Tetanus toxoid, reduced diphtheria toxoid, and acellular pertussis (Tdap) vaccination is recommended for all pregnant women between 27 and 36 weeks’ gestation to prevent whooping cough in infants. However, coverage among pregnant women remains low.
To find out why, California Department of Public Health researchers conducted a survey of mothers who recently delivered children. In the study reported in Morbidity & Mortality Weekly Report, the team interviewed 66 mothers, 30% of whom had received Tdap vaccine, with infants younger than age 4 months who had pertussis.
They found that women who received care at clinics stocked with Tdap vaccine were more likely to be vaccinated. On the other hand, women covered by Medicaid were less likely to be vaccinated than those with private insurance, even when treated in clinics that stocked Tdap vaccine.
“This finding is consistent with a previous survey demonstrating that receipt of influenza vaccine by pregnant women was more likely among those whose prenatal care providers offered vaccination on-site,” noted the researchers. “However, even when prenatal care providers stocked Tdap vaccine on-site, women insured by Medicaid were less likely to receive Tdap vaccination than were women with private insurance. Previous Tdap vaccination coverage estimates among pregnant women in California were also lower among those insured by Medicaid (40%) than among those with private insurance (65%).
Reasons for this disparity are not known; however, a need exists to reduce financial barriers to stocking and administering Tdap vaccine in prenatal clinics, particularly among those serving Medicaid patients.”
The researchers suggest that promoting on-site prenatal vaccination, educating providers about Tdap recommendations, and strengthening off-site referrals will likely improve Tdap vaccination coverage during pregnancy.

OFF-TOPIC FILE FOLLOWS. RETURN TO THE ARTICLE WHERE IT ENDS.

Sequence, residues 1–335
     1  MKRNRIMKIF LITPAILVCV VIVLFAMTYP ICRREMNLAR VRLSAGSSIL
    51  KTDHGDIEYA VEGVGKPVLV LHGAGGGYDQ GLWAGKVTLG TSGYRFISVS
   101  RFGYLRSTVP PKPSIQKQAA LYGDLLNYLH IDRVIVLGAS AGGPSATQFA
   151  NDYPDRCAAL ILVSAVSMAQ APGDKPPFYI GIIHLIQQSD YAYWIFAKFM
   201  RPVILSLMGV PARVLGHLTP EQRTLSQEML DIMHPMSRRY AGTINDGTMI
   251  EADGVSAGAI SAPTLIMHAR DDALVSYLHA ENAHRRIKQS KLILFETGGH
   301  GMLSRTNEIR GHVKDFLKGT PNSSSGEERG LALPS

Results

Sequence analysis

The study emphasizes that a recommendation by prenatal-care providers for their pregnant patients to receive Tdap is important, especially when the vaccine is not available on-site. The authors urge that pregnant patients be provided with specific information about where to get Tdap and that clinicians follow up to make sure that vaccination occurred.
In this survey, about 40% of unvaccinated mothers said that they never received a recommendation or referral for Tdap vaccine or opted not to get the vaccine for other reasons. Results indicate that 40% of unvaccinated mothers, including one who originally refused Tdap vaccination, were immunized postpartum. Of the 40 mothers not vaccinated during pregnancy, 20% refused prenatal Tdap.
Researchers cite evidence that fewer infants of mothers who were vaccinated according to recommendations required hospitalization after developing pertussis, compared with infants of unvaccinated mothers.
What was puzzling about the results, according to the report, is that vaccination was readily available to mothers who did not receive it. In California, pharmacists are permitted to provide immunizations, and all routinely recommended adult vaccines are covered by Medicaid when administered in a provider’s office or in a pharmacy. Furthermore, recent state regulations require pharmacists to notify providers of immunizations administered and to enter all doses into the California Immunization Registry, making it possible for providers to know whether vaccine referrals to pharmacies had the desired effect.
“However, stocking vaccines on-site in prenatal clinics is the best way to ensure that all pregnant women are vaccinated and reduce the incidence of pertussis among infants too young to be vaccinated,” study authors advise.
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